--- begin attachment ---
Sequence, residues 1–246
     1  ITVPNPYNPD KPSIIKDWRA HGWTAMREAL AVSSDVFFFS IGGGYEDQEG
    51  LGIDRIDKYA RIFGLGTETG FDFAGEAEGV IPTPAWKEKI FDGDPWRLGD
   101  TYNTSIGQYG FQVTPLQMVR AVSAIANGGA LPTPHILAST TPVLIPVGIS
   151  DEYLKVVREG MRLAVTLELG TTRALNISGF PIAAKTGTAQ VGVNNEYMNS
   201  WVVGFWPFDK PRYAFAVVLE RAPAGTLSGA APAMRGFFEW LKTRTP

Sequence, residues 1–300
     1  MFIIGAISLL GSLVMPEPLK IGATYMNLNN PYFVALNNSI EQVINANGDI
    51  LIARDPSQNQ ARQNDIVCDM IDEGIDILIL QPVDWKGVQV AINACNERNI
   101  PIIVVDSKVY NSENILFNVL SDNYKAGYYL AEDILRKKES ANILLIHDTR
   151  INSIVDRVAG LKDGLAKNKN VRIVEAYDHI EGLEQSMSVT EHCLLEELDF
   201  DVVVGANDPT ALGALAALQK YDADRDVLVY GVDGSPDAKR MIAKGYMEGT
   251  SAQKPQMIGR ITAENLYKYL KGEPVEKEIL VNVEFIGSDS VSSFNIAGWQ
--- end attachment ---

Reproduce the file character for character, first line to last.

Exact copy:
Sequence, residues 1–246
     1  ITVPNPYNPD KPSIIKDWRA HGWTAMREAL AVSSDVFFFS IGGGYEDQEG
    51  LGIDRIDKYA RIFGLGTETG FDFAGEAEGV IPTPAWKEKI FDGDPWRLGD
   101  TYNTSIGQYG FQVTPLQMVR AVSAIANGGA LPTPHILAST TPVLIPVGIS
   151  DEYLKVVREG MRLAVTLELG TTRALNISGF PIAAKTGTAQ VGVNNEYMNS
   201  WVVGFWPFDK PRYAFAVVLE RAPAGTLSGA APAMRGFFEW LKTRTP

Sequence, residues 1–300
     1  MFIIGAISLL GSLVMPEPLK IGATYMNLNN PYFVALNNSI EQVINANGDI
    51  LIARDPSQNQ ARQNDIVCDM IDEGIDILIL QPVDWKGVQV AINACNERNI
   101  PIIVVDSKVY NSENILFNVL SDNYKAGYYL AEDILRKKES ANILLIHDTR
   151  INSIVDRVAG LKDGLAKNKN VRIVEAYDHI EGLEQSMSVT EHCLLEELDF
   201  DVVVGANDPT ALGALAALQK YDADRDVLVY GVDGSPDAKR MIAKGYMEGT
   251  SAQKPQMIGR ITAENLYKYL KGEPVEKEIL VNVEFIGSDS VSSFNIAGWQ